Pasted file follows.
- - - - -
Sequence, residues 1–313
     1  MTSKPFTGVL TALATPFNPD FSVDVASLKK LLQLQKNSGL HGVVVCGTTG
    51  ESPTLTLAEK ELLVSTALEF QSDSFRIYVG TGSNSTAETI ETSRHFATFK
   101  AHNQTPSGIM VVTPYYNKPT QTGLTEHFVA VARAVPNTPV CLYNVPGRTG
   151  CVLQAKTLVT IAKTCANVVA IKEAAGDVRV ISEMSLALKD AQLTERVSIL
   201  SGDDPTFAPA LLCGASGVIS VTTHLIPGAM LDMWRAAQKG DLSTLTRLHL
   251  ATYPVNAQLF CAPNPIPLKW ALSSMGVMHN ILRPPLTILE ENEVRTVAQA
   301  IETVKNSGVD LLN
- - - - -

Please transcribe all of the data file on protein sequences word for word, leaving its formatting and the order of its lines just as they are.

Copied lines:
Sequence, residues 1–313
     1  MTSKPFTGVL TALATPFNPD FSVDVASLKK LLQLQKNSGL HGVVVCGTTG
    51  ESPTLTLAEK ELLVSTALEF QSDSFRIYVG TGSNSTAETI ETSRHFATFK
   101  AHNQTPSGIM VVTPYYNKPT QTGLTEHFVA VARAVPNTPV CLYNVPGRTG
   151  CVLQAKTLVT IAKTCANVVA IKEAAGDVRV ISEMSLALKD AQLTERVSIL
   201  SGDDPTFAPA LLCGASGVIS VTTHLIPGAM LDMWRAAQKG DLSTLTRLHL
   251  ATYPVNAQLF CAPNPIPLKW ALSSMGVMHN ILRPPLTILE ENEVRTVAQA
   301  IETVKNSGVD LLN